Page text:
Saturday, February 27, 2016

Why You Should Call Their Parents

I could be wrong, but I don't think that any of us LOVE calling parents. Sometimes those calls can be awkward or confrontational, but other times, they can be AMAZING!

Positive phone calls home are equally if not more important than the negative ones. I recently started using reward coupons in addition to lollipops. I assumed that my teenagers would always want the lollipops, but surprisingly, there have been two clear coupon winners: the option to listen to music while they work and positive calls home.

I started to wonder: why did so many of my students want positive phone calls home? I try to acknowledge their positive behaviors all the time in class, but they want more than just my recognition. I think we assume too often that their parents don't care, but maybe that's because we only call to discuss the negatives.

I have started calling home more, and I've had two students tell me their rewards for those calls:

1) One student told me that he was taken out to dinner because of his accomplishments in class.
2) Another student, just yesterday, told me that her mom took her out for ice cream because of the call home.

I plan to start devoting 30 minutes a week calling home to discuss positive behaviors in class. I'm excited to see the good news that my students bring to class.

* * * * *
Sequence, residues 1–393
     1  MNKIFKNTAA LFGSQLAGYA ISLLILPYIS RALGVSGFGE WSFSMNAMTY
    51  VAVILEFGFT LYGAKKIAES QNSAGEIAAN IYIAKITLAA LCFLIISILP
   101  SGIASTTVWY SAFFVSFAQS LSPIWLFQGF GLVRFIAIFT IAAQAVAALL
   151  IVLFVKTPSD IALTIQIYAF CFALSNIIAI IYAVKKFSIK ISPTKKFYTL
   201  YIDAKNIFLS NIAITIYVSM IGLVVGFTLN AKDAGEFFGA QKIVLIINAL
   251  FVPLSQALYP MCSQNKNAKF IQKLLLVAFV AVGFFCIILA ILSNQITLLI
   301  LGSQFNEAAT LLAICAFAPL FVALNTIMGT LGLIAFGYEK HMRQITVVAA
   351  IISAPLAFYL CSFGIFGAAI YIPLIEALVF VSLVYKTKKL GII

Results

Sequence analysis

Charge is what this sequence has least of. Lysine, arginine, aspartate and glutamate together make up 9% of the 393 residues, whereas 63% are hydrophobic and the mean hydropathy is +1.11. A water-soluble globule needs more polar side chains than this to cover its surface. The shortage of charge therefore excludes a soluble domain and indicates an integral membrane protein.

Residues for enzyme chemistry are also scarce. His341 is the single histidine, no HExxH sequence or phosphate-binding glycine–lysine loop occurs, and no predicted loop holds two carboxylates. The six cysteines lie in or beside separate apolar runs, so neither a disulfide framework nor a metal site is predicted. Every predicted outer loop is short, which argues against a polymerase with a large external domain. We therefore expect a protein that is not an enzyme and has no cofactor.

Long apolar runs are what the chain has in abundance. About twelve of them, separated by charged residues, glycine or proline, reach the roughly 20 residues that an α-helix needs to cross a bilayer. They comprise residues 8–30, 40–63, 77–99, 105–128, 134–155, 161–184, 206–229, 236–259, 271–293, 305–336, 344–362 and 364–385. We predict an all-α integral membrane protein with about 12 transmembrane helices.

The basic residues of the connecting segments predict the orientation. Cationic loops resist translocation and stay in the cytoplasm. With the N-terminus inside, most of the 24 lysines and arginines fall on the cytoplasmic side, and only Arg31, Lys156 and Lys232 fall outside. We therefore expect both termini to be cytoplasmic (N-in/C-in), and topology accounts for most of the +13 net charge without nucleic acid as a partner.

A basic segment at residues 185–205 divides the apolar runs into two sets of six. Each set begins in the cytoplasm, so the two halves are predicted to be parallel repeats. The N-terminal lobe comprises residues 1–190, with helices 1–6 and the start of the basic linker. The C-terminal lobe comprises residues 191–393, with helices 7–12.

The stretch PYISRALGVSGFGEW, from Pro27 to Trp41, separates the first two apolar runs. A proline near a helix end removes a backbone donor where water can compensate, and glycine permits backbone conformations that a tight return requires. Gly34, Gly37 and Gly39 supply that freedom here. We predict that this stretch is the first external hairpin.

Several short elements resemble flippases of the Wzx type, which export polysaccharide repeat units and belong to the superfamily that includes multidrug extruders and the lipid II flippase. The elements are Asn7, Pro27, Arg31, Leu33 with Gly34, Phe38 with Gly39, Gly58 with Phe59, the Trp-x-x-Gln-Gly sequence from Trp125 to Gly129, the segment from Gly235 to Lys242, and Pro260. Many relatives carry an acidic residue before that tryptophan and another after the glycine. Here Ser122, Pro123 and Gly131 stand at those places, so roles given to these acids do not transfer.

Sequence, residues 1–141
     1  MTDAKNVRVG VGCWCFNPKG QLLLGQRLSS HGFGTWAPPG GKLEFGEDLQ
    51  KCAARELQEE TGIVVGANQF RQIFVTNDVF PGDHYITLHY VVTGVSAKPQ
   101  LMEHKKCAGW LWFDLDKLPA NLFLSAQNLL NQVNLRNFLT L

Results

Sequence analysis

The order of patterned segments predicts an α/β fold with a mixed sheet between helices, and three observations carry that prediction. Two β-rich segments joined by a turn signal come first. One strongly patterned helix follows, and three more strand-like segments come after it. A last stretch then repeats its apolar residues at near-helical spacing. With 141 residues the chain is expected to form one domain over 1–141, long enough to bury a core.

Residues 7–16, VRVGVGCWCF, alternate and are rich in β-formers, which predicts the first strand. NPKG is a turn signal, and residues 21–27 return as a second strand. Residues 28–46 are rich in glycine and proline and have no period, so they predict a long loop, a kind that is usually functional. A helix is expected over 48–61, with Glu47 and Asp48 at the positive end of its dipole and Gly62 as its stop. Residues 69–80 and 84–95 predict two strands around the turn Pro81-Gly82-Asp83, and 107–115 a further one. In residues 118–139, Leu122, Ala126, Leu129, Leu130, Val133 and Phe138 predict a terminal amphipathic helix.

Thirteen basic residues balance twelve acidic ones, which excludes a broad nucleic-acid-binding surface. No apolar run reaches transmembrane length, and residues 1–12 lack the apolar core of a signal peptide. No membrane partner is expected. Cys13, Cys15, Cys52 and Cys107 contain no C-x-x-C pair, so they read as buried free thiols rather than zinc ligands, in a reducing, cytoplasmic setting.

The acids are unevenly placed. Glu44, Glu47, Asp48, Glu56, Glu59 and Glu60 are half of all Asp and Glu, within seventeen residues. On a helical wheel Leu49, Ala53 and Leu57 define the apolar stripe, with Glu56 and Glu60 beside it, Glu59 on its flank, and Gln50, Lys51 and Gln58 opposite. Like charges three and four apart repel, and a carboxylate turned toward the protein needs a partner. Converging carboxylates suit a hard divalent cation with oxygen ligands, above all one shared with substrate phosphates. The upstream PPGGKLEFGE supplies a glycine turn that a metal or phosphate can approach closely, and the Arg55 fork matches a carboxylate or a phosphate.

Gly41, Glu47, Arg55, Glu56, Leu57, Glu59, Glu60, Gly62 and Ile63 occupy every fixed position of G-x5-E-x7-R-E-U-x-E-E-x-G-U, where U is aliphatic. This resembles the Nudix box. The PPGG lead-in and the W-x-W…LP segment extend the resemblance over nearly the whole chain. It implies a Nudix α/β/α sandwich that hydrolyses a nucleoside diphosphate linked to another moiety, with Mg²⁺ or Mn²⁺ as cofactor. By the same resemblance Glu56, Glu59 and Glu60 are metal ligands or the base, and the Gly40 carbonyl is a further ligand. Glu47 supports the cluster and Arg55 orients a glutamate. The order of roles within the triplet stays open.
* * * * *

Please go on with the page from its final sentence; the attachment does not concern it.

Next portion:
See some of my reward coupons below! I use these whenever a student demonstrates positive behavior. If you'd like the template, please click here and make a copy. I used KG All of Me and KG Second Chances for my fonts, both of which are available on and TpT.

What do you do to reward your students? Do you call home?

Tuesday, February 9, 2016

Questions and Answers on the Desk!

I've seen a lot of posts on Instagram of teachers writing on student desks. I love the idea, and let me just say that it was actually FUN to write on their desks with an Expo marker!

I wish that I could leave little individualized notes/compliments to the students, but I have five back-to-back classes, and I don't do assigned seating, so that strategy wouldn't really work well in my classroom.

I decided to instead write review questions on their desks and leave a post-it for them to write down the answer.

There's a few ways to approach this: 

1) Write on every desk to hold each student accountable. This is time-consuming to write all the questions, but every student will have a question to answer. You could then have the students play some musical chairs to find a new seat and answer the next question/determine if the answer that the previous person wrote is correct.

2) Write on one per group or every few desks and put a few post-its on the desk for multiple answers. Allow the students to discuss the question and answer(s), and then have them move to the next group.

3) Give students a few post-its each and have them answer a few questions on the desks. Make it a little competition: Who can get rid of their post-its the fastest by correctly answering five different desk questions?

They are bound to hit/touch/smear the writing. In that case, just have them write it again, come up with new questions, or rewrite them yourself if you're OCD like me. :)

What will you do? Comment below or let me know on Instagram!